How did you first get started in fitness?

I started young, I was always active as a kid and loved swimming. At 9 I took up ice skating and competed nationally through my teens. I attended dance collage and that took my fitness training to a whole new level. I then started to attend strength and conditioning classes and really got into using weights and training properly.

As an actress part of your job is too look a certain way do you have to adapt your diet and training for different roles?

Yes, some roles it is necessary to look a little less fit than others. I aim to keep my figure relatively generic, yet fit and healthy. I can’t afford to become too lean and muscular, as it wouldn’t work for certain roles, however, it’s good to be in shape and not too far from either end of the scale. You never know when an audition is coming up, so although you can train and change for a role, given time, you have to consider being “right” for an audition. Therefore, I often surprise people in the gym as they don’t expect me to be able to do even 1 pull-up.

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How do you fit in training with the long days on set?

It is hard sometimes, and it’s a case of work/life balance. I love training, but sometimes I am just too tired, but I love my job, so it’s worth it. I make the effort the train hard between jobs, so if training is forced to take a back seat because of an acting job, I have done the hard work before hand. However, as was the case on a job before Christmas, call times meant getting up at 0400 and leaving set at sundown. However, despite the long days, my boyfriend, who is also my personal trainer was on hand in the hotel to put me through short, sharp sessions like DTP or GVT before eating and sleeping ready for the next day. i didn’t always feel like it, but always felt exhilarated afterwards! I love taking bands and a roll out wheel with me on jobs too, so if I’m stuck without a gym with some time off in a hotel room, i can still train.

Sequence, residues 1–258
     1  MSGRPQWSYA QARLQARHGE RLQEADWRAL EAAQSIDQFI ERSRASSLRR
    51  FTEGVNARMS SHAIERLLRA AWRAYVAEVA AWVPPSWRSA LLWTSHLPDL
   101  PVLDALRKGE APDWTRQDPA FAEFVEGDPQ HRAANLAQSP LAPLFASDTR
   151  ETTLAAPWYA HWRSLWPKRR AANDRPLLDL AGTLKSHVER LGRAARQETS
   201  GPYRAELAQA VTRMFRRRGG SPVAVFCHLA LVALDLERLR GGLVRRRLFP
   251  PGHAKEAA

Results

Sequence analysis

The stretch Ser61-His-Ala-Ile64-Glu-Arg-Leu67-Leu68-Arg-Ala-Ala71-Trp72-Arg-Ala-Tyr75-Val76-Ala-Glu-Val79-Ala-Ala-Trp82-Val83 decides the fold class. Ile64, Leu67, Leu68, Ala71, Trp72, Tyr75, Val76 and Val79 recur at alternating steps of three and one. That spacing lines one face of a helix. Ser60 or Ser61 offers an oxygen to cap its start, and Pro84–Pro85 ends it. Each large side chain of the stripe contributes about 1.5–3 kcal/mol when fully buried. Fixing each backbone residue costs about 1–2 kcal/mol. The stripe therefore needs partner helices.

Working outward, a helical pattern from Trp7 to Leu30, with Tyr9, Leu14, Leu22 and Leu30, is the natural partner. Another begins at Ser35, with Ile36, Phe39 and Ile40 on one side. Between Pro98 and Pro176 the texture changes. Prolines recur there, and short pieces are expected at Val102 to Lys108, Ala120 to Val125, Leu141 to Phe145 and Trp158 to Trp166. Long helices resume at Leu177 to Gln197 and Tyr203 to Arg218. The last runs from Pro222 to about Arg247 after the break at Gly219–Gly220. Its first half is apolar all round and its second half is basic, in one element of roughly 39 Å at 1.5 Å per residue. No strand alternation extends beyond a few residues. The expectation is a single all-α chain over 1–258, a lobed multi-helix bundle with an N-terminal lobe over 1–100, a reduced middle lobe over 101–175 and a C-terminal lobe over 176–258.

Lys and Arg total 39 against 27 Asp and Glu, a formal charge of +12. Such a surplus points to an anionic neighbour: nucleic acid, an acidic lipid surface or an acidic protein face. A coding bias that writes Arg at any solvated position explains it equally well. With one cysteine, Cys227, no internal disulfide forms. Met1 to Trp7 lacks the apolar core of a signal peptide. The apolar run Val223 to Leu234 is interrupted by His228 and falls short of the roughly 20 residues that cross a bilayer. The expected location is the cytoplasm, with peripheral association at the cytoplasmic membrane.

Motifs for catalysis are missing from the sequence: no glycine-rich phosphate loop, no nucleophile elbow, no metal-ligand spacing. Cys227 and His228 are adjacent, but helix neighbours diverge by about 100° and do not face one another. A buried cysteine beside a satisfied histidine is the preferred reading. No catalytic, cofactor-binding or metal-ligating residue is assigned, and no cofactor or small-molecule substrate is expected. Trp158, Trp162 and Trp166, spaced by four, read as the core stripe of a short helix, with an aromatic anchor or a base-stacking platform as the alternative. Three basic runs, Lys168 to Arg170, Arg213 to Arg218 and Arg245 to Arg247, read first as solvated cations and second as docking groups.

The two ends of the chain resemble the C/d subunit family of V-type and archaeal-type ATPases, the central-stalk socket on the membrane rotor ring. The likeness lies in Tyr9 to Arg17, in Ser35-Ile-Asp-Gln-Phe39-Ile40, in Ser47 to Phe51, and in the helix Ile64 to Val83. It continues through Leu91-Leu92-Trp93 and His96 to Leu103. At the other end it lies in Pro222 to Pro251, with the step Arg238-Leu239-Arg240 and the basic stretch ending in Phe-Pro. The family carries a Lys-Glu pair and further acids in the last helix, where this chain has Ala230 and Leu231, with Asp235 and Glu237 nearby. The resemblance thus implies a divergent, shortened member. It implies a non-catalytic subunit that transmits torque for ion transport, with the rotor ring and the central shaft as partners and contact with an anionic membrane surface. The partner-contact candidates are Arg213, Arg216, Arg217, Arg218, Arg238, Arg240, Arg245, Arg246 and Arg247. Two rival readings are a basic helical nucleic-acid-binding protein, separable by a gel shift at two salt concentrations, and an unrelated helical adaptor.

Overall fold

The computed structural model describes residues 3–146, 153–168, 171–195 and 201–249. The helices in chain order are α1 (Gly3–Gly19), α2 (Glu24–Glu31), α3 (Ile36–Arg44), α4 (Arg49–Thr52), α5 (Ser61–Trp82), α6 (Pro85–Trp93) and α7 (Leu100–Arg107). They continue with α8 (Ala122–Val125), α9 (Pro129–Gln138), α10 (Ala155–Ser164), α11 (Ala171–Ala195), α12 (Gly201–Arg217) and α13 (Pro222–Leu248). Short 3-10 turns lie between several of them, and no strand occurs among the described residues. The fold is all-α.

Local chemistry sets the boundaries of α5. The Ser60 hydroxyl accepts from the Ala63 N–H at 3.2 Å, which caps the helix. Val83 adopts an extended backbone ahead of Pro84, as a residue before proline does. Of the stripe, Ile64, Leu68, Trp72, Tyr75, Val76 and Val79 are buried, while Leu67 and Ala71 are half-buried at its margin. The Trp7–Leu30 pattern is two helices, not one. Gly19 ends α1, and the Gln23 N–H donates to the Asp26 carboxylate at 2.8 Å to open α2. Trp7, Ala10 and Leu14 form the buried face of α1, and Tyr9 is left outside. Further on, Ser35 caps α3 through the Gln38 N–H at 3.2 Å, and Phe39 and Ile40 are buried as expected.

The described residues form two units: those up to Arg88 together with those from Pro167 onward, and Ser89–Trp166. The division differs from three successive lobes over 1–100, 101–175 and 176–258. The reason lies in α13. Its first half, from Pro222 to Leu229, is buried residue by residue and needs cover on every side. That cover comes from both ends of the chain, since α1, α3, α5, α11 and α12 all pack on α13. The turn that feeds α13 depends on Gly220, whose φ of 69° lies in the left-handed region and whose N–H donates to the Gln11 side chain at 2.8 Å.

What’s your normal training plan consist of for you?

I tend to like to change things up quite a bit anyway, and that’s the way my trainer Sean Lerwill has helped me put a plan together My training tends to involve splits, so I can train 4-6days a week without over-training. i also really enjoy intervals, often Tabata or similar. At the moment I’ve been concentrating on rehabbing a hamstring pull, so have cut back on the intervals a bit. however, it’s been great as we’ve used it as an excuse to make the weights sessions more intense, so I’ve been performing negatives reps on pull-ups and using heavier weights and slow tempos across the whole spectrum of training.

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How do you stick to eating healthy while on shoots and film sets?

This can be really tricky. I find I have two choices: 1. take/buy my own food. This is easier said that done. if on a small, local job, i can take stuff from home. (I do tend to have a case loaded with oatcakes, reflex flapjacks and protein sachets so don’t always have the clothes I need) However, if working abroad and in hotel rooms, it’s a case of asking for the catering to supply healthy options. unfortunately, half the time this is not an option and there just is what there is. This can be pizza and chip, and I end up appearing like a weirdo picking bits and pieces apart and leaving lots on my plate. The plus side, people tend to ask why, and then I get to pass on some of the knowledge I’ve learned and soon enough people want to do the same. Kind of a nice trade off!

What’s a normal days nutrition for you consist of?

I tend to try to eat protein and nuts first thing in the morning, although i do use carb cycling, so this depends on which day I’m on.
Throughout the day I aim to eat protein in the form of chicken, turkey, fish or burgers (my favourite!) with broccoli, cauliflower, kale and avocado.
I’m a fan of sweet potatoes and love sushi, so eat these after training or on high carb days.
I always try to nab a Reflex choc/toffee flapjack or two with me (they are amazing!) to fuel me when the days are long. After training I always have a protein shake and then eat again within an hour of that.
Evening meal is usually a vegetable stir-fry using coconut oil with salmon, tuna, chicken or turkey.
I nearly always have a casein shake before bed, often with around 10-15g of porridge.

What’s your top exercise tip for women?

Don’t be afraid of weights. hours and hours of cardio is likely to slow your metabolism and won’t give you the body you want.

What’s your top nutrition tip for women?

Eat. Simply that. Starving yourself is NOT the way forward. it may seem counter intuitive, and I found it hard at first, but eating 5 – 6 small meals a day, higher protein, lower carbs is the way to go!!

Miss Braithwaite

Photography by Simon Howard